「こよみフラワー」 (Koyomi Furawā)
So it seems that Koyomimonogatari really is going to do the ‘recycle one OP a week’ thing, and this week it’s staple stable. While I’m rather fond of this OP, rerun or not (it was the first one!) you’ll have to excuse me if I skip over it in its 2016 edition. It’s the same thing! In an inferior resolution! Yeah, I know stapler sex never gets old, but I’m also very lazy. It’s about a balance of interest here.
The use of staple stable is, however, a welcome signal of the return of Senjougahara Hitagi, the First Lady of the Monogatari series. Sure, Koyomi flower isn’t actually really about her (just as Koyomi Stone wasn’t really about Hanekawa) but at least it involves her, which serves well enough as the once-per-season reminder that Senjougahara is actually a main character. I can’t really fault her lack of use too harshly (just slightly harshly, I guess); it’s difficult to work her in. She is, in effect, already a ‘completed’ character, having resolved her personal conflict very early, having aggressively secured a relationship with the protagonist, and being generally content with life. Also, in a cast of supernatural characters who often tackle supernatural problems, Senjougahara stands out as the sole normal. As she says as much in this episode, Senjougahara treats her run-in with an oddity as just an illness. She didn’t get a superpowered cat-form, didn’t inherit a monkey-demon arm, and didn’t gain any god powers. She snagged an Araragi, and that’s about it. I think I prefer it this way, though. Her very existence offers a balance to Araragi’s character, representing the human part of his life (just as Shinobu represents his vampire half). Most of her very normal life will have to stay off-screen, but the implication that she lives a normal life (worrying about things like debt instead of, say, undead revenants out for blood) is comforting. And then, whenever she gets involved, the very event has impact, like an old veteran coming out of retirement, armed with nothing but stationary. It’s what the gesture implies as much as anything else.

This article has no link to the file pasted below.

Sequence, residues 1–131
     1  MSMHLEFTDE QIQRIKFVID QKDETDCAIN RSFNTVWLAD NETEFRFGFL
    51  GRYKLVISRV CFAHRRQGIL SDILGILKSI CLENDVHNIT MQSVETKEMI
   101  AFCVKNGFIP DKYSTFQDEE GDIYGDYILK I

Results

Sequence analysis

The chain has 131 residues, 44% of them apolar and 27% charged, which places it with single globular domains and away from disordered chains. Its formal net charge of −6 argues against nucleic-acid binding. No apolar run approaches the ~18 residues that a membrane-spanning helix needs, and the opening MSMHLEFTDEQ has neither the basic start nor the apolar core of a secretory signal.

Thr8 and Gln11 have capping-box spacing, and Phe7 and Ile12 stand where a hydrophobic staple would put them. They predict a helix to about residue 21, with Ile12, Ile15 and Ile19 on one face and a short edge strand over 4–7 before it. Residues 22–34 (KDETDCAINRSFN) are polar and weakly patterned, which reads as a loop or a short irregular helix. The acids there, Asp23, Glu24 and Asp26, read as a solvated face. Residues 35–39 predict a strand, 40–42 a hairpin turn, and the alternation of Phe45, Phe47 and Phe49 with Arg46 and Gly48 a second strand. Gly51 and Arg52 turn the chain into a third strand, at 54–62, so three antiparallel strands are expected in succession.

And on the subject of implications, there’s this week’s mystery, which is once again something mundane made to look mysterious by circumstance, as it was in Koyomi Stone. Specifically, it’s about lies. The very best lies—and here I’d like to remind you that Passerby’s greatest virtue is honesty and will never like to you—are actually incomplete truths, with gaps that invite the victim to fill them in with their own incorrect assumptions. Humans are often stubborn and contrary, and hard to convince directly—but we can convince ourselves of almost anything. So a sign that just says ‘stay off the roof’ is not going to be very convincing, but if you just leave a bouquet up there, it implies that someone died up there, and a story of a poor student falling to their deaths that we assume for ourselves is much more resonant. And it’s also, I suppose, a testament to the power of stories, and a reminder that all fiction are, in a tautological sense, lies. But nobody really pretends they’re true either, do they? Of a story is told well, it has the taste of truth, and we just settle into it. And that’s suspension of disbelief; a complicit deception.
That’s a rather sour way to always think about things though; if we always second guess ourselves, we’ll never enjoy anything in life. Slightly tall tales makes our world slightly more interesting. So let’s, like Senjougahara, resolve to just forget about all this. Believe whatever harmless fiction you please. Truth is a very malleable thing.